For one week in August, 25 Massey MBA and MACC students traveled to Dublin and London to learn about the economic and business environments and the local cultures. Led by Dr. Susan Taylor, the group had a fast-paced trip and took in as much of both capitals as could be crammed into each day.
The trip began early Sunday, August 16th with a guided tour of Dublin, taking in the rows of Georgian houses, the River Liffey, and St. Patrick's Cathedral, among other sights. That evening, the Massey group was treated to a traditional Irish dinner, featuring the local favorite Beef and Guinness pie, followed by a show. We were impressed with the performances by both the traditional Irish folk group and the traditional dancers. The southern charm of a few Massey students must have made an impression on the Irish band members as they dedicated a closing song to a few students in the Belmont delegation.
Over the next three days, we visited various businesses from the biotech (Alltech, pictured above), manufacturing, accounting, and distillery industries, as well as took a group trip to the Guinness brewery. One highlight was a visit to Forfas, an economic advisory agency, where we heard a fascinating presentation on how Ireland plans to position themselves to survive the current economic downturn and move forward with sustainable growth. Another was the visit to the Jameson and Sons Distillery. Despite the realization that our group was from the region of a major competitor, we still got a fantastic and detailed presentation about the marketing strategy in the U.S. and abroad for Jameson's products.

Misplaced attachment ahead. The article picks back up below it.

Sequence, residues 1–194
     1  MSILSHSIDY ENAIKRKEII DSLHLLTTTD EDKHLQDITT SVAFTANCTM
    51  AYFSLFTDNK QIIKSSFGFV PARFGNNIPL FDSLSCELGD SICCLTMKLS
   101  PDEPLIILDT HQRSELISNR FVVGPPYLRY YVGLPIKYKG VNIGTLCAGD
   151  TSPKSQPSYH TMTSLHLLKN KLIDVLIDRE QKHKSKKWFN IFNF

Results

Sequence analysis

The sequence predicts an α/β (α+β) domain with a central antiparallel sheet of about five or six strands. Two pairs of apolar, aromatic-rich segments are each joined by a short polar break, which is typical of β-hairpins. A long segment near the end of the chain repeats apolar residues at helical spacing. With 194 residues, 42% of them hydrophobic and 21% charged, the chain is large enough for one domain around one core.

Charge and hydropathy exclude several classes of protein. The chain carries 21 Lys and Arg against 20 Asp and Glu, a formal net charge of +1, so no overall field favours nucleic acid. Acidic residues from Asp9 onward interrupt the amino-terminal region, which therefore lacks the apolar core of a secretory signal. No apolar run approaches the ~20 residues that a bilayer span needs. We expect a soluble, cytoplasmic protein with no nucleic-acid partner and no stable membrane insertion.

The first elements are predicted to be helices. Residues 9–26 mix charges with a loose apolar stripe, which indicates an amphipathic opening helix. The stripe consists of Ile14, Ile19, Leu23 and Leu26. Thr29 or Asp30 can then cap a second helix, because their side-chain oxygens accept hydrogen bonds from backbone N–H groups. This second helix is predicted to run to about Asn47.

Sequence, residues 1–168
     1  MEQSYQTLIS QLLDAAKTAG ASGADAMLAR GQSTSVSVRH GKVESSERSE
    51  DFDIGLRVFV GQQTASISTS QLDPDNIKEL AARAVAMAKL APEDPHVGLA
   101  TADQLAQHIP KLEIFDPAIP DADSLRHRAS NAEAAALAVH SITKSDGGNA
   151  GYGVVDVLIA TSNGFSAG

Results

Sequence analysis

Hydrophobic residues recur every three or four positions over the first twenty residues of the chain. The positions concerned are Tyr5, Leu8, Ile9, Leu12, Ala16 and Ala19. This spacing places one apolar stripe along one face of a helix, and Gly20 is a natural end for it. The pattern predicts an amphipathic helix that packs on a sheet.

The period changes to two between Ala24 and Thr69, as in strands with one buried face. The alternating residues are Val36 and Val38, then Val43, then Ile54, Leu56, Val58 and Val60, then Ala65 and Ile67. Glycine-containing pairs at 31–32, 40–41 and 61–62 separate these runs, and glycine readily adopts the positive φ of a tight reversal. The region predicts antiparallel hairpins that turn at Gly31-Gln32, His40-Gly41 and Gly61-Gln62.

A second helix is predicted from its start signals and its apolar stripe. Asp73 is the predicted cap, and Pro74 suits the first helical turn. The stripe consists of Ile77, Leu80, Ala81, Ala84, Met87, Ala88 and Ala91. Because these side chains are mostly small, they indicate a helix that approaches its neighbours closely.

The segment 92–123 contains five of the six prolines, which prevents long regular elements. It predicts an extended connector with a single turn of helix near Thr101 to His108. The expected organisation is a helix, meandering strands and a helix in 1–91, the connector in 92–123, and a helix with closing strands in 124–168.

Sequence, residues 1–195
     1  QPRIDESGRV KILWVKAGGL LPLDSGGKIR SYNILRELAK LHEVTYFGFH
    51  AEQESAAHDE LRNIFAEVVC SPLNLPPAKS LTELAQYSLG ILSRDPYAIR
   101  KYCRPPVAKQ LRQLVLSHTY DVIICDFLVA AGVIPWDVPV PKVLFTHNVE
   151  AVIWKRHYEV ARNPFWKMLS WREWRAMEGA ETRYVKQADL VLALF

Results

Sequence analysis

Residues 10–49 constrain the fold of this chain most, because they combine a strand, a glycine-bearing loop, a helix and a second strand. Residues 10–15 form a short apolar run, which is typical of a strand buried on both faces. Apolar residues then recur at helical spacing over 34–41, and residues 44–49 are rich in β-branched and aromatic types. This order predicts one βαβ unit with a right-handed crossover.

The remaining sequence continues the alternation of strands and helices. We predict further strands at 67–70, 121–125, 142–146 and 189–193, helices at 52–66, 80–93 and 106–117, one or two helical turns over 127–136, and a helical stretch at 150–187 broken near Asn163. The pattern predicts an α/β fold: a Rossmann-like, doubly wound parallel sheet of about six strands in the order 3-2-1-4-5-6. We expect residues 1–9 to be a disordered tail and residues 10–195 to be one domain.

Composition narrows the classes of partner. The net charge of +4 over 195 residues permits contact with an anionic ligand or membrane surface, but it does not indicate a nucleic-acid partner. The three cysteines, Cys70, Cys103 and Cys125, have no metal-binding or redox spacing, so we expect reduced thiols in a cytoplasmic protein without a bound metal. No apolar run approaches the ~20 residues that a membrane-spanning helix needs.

On Thursday, August 20th, the group jumped the Irish Sea and traveled to London. The scale of London, and the pace, contrasted with that of Dublin, and the group took in as much of the architecture and history as possible in a whirlwind tour that included the crypt of St. Paul's and the Tower of London's collection of the crown jewels. With a free evening, the Massey group dove into exploring the city, with students branching out to see Big Ben, Westminster Abbey, the Houses of Parliament, Covent Garden and Piccadilly Circus.
Our last day brought us to Kesslers International and the U.S. Embassy. Kesslers showed us how they maintain a flexible manufacturing process in order to adjust as quickly as possible to meet client needs. They spoke of how they have defied conventional wisdom that suggested they cut costs by outsourcing manufacturing, instead investing heavily in people and machinery to keep their customers as happy as possible. Lastly, at the U.S. Embassy, the Massey group braved the stringent security and met with two embassy representatives that spoke of the cultural and economic closeness of the U.K. and U.S., as well as gave us a look into the life of a foreign services employee.
Boarding the plane Saturday morning, it was truly remarkable what all we had seen, thanks to Dr. Taylor and our guides from International Study Programs (ISP). Despite the relative cultural closeness of Ireland and England to the U.S., our group continually swapped stories of significant differences in the business cultures, the approaches to economic sustainability, and the social elements between the three countries. It was a valuable experience, and left many wondering when they could venture back, either for pleasure, or for a job opportunity.